Before the VW diesel emissions scandal became public knowledge, we reported in April 2015 on Ferdinand Piech's surprise ousting from the company and the legacy he left behind. Read the article below:
Nobody could have predicted – or hoped – that Ferdinand Piech’s association with the car maker founded by his grandfather would end in such a dismal manner.
An emergency meeting of Volkswagen’s supervisory board was called on Saturday 25 April; the location a regional airport in northern Germany, not far from VW’s Wolfsburg HQ.
It proved to be the final destination for Piech after nearly half a century at the heart of Porsche (founded by his grandfather Ferdinand Porsche after WW2) and Volkswagen, the brand that grew out of the Beetle, a car originally designed by Ferdinand Porsche.
Piech made his name as the engineer behind the Porsche 917, and the strategic and engineering mind behind the long-term reinvention of Audi as a premium brand. His merciless approach oversaw quattro, pioneering aerodynamic design, the benchmark construction quality of the Mk 4 Golf and the ultimate road car engineering of the Bugatti Veyron.
He was also widely celebrated in Germany for saving VW from potential bankruptcy and mass job losses when he took over the ailing VW brand in 1993.
He built up the VW Group by bringing in new brands – notably Skoda, which has become a significant success – and driving VW, from the back seat for the last 13 years, to become the world’s second largest car maker.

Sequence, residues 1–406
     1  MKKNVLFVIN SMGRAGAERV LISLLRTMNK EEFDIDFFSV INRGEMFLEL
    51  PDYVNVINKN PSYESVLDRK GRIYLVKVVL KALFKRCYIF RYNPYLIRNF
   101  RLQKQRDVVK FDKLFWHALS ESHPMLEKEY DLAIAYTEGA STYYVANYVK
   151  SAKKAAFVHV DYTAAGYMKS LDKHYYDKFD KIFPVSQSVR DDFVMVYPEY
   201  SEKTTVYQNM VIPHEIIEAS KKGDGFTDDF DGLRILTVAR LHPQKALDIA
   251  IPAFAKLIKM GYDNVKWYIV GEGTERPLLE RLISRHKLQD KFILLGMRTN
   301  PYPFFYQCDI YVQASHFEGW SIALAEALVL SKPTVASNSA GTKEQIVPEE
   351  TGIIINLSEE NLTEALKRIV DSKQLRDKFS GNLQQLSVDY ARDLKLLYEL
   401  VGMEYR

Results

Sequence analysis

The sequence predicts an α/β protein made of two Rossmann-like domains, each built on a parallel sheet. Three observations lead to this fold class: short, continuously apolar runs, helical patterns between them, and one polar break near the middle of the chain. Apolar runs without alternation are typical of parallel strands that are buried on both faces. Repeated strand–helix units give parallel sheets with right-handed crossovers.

His tenure came to an unexpected end when he was accused by members of the board of trying, for a second time within two weeks, to overthrow his long-time collaborator Winterkorn.
It was the second meeting since Piech, chairman of the supervisory board, had attempted to destabilise Winterkorn.
At the beginning of April, Piech had been quoted in the German press as saying he was "no longer aligned" with Winterkorn. Based on Piech’s previous record of expelling senior figures he felt had failed, this kind of understated comment was widely understood to mean Piech wanted to see Winterkorn replaced, and quickly.
The result was to throw VW into an immediate management crisis (German companies pride themselves on consensual management) which saw the supervisory board meeting confirm that Winterkorn was safe as the VW Group boss. The statement even described Winterkorn as "the best of VW".
Piech had, for once, failed to get his own way, being forced to sign up to the supervisory board’s statement of support.
A few days later, however, rumours within VW began swirling that Piech had refused to accept defeat and was lobbying to get Matthias Mueller to replace Winterkorn.
At the Braunschweig airport meeting it seems the supervisory board finally turned as one on Piech, and he and his wife - who was also a board member – resigned.
Although it will probably never become public knowledge, there is probably more to Piech’s ousting than meets the eye. For a start, the VW Group is not in the best shape, despite being the world’s second biggest car maker.